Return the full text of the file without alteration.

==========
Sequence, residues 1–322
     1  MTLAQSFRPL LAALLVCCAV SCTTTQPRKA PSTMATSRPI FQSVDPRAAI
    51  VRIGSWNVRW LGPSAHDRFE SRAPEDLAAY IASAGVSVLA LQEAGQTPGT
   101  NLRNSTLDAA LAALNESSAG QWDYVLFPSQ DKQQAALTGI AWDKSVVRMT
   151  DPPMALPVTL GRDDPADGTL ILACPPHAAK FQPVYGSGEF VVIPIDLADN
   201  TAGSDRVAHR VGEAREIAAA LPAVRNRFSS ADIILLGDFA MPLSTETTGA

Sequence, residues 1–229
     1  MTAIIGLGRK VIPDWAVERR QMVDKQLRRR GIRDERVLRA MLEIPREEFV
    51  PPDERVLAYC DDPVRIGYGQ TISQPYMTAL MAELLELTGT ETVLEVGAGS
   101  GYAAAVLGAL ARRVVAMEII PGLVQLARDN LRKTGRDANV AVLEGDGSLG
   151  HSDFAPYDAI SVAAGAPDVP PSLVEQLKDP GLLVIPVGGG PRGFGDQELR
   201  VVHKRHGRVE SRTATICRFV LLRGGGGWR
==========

Sequence, residues 1–322
     1  MTLAQSFRPL LAALLVCCAV SCTTTQPRKA PSTMATSRPI FQSVDPRAAI
    51  VRIGSWNVRW LGPSAHDRFE SRAPEDLAAY IASAGVSVLA LQEAGQTPGT
   101  NLRNSTLDAA LAALNESSAG QWDYVLFPSQ DKQQAALTGI AWDKSVVRMT
   151  DPPMALPVTL GRDDPADGTL ILACPPHAAK FQPVYGSGEF VVIPIDLADN
   201  TAGSDRVAHR VGEAREIAAA LPAVRNRFSS ADIILLGDFA MPLSTETTGA

Sequence, residues 1–229
     1  MTAIIGLGRK VIPDWAVERR QMVDKQLRRR GIRDERVLRA MLEIPREEFV
    51  PPDERVLAYC DDPVRIGYGQ TISQPYMTAL MAELLELTGT ETVLEVGAGS
   101  GYAAAVLGAL ARRVVAMEII PGLVQLARDN LRKTGRDANV AVLEGDGSLG
   151  HSDFAPYDAI SVAAGAPDVP PSLVEQLKDP GLLVIPVGGG PRGFGDQELR
   201  VVHKRHGRVE SRTATICRFV LLRGGGGWR